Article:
The demand for Banksy artworks has never been stronger, but whilst the Banksy market thrives, how does its success compare with the market for other artists? Here we pitch the Banksy market against that of four other Street Art and Pop artists.
In response to Covid restrictions, the art market is moving towards online-only sales, offering more affordable artworks like prints and editions to attract new buyers. Those looking to buy a Banksy are in luck. Over 16% more works by the artist have sold this year than in 2019, the value of his print market has gone up 83% in the last 12 months, but the actual median artwork price of work has dropped as lower value merchandise and memorabilia have swamped the market allowing for collectors at all levels to enjoy the Banksy boom.
But Banksy isn’t alone, affordable artworks for Banksy’s contemporaries KAWS and Takashi Murakami, as well as established Pop artists like Andy Warhol and Keith Haring continue to do well within the prints market in the midst of the 2020 pandemic. Here is a comparison of their popularity, price, and risk from art market data between 2017–20.
Banksy vs Warhol
Popularity: For American Pop Art collectors, owning a Warhol is like owning the Holy Grail. Over 2,000 artworks by Warhol were offered at auction in 2019 and almost as many have been offered this year already. But Banksy’s popularity is rising – over 30% more Banksy artworks have been offered in 2020 compared to 2019.
Price: Between 2017–19, the total value of Warhol artworks exceeded $200 million; this year, it is nearer to $63 million. This is because fewer masterpiece and original works are coming to auction this year due to auction houses’ marquee week sales being hindered by the Corona pandemic – historically, these works were only offered in live sales, with the promise of exhibitions and global tours to show their importance. Although Warhol is still in demand, prints and multiples are now making up most of his current sales – the median price for Warhol’s art has dropped from to $10.7K in 2019 to $2.8K in 2020.
The total value of Warhol artworks exceeded $200 million; this year, it is nearer to $63 million. This is down to fewer masterpieces and original works coming to auction this year due to major auction houses’ marquee Modern & Contemporary Week sales being hindered by the Corona pandemic.
Investment Potential: The Warhol auction market is currently a fickle one. 1,980 works have been offered in 2020 but only 1,305 sold – a sell-through rate of just 66%. MutualArt shows that over 30% of Warhols offered between 2017–20 either did not meet their estimate or did not sell, suggesting that estimates are priced too optimistically, setting lots off on the backfoot. It is worth remembering that auction houses charge a fee to sellers even for unsold lots. As a private broker, MyArtBroker charges 0% to offer works to the market. To find out more about the pros and cons of selling via auction vs private sale, read our guide to Auction vs Private Sale.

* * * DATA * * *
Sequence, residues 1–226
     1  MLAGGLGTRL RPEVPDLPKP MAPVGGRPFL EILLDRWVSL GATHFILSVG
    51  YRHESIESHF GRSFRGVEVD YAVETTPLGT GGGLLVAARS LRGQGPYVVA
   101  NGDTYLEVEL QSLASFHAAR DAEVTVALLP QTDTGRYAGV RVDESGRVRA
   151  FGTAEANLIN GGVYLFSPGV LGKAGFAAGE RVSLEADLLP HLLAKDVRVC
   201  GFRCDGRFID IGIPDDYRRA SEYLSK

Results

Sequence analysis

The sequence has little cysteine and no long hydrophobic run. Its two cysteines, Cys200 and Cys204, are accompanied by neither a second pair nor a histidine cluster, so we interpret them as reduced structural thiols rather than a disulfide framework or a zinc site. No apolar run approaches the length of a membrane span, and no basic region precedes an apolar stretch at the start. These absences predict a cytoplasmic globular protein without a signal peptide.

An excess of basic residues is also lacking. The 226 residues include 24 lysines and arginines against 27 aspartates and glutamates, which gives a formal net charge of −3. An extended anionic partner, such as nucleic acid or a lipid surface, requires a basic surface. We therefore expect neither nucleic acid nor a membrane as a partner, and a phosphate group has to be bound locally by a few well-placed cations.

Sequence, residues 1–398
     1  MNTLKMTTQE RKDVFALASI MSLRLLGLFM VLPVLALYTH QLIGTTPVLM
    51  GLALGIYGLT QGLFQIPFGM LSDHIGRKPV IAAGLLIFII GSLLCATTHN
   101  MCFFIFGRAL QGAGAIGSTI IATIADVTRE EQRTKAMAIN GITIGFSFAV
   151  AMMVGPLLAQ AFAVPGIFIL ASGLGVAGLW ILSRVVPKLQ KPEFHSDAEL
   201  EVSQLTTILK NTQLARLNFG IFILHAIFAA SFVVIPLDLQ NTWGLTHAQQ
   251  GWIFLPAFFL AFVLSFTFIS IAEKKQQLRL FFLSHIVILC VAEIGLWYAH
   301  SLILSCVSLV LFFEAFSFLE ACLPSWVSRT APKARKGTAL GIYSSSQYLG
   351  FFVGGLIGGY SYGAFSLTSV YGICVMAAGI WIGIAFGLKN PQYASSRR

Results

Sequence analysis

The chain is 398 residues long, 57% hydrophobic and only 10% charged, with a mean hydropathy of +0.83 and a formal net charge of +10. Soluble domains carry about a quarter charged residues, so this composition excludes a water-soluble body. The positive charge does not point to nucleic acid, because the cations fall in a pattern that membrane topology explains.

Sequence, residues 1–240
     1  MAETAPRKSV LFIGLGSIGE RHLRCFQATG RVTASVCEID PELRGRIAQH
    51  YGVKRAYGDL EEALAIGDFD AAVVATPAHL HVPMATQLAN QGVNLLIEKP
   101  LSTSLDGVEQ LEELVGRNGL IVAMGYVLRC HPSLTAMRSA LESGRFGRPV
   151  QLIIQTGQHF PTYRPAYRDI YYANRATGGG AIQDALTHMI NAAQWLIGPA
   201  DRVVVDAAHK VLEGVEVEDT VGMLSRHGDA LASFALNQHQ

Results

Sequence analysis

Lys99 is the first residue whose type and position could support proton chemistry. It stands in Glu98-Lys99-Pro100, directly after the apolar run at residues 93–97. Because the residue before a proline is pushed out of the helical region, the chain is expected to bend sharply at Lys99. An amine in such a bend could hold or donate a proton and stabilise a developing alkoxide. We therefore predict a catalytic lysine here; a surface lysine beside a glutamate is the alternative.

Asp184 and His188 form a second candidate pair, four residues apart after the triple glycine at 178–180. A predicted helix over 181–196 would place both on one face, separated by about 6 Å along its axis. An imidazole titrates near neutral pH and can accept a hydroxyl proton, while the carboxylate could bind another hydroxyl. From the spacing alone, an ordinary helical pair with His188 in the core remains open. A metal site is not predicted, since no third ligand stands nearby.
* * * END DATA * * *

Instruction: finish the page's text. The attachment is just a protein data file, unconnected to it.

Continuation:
The risk for selling a Banksy artwork, in contrast, is dropping. In 2018, 42% of Banksy works either did not meet their estimate or did not sell, but by 2020 it has reduced to 26%. Over 50% of artworks offered in 2020 actually exceeded their pre-sale estimates.
Banksy vs Haring
Popularity: Haring’s artistic career is very similar to Banksy’s: both started out as graffiti artists and both use their art for activism. But over the last four years, sales of Banksy’s art have skyrocketed. The number of Banksy artworks offered at auction between 2017-20 has increased by 222%; in the same period, the number of Haring artworks increased by just 39%. Given that Haring died at the age of 31, his career spanned only a decade and the supply of his works is more limited, however, Harings’ Pop Shop supplied collectors with a wealth of prints and collectables which continue to see high demand for established collectors.
Prices: Like other blue-chip artists, fewer masterpieces and original works by Haring are coming to auction this year, which is reducing the total sales value of his art. Demand, however, is as high as ever, with prints and multiples making up most of the sales – the median price for Haring’s art has dropped from $7.1K in 2019 to $2.1K in 2020. Haring’s top lots at auction also usually fall within their estimates or just above – so while Haring sellers may not enjoy the same unexpectedly high returns as a Banksy artwork might right now, Haring buyers usually pay the price they were expecting to.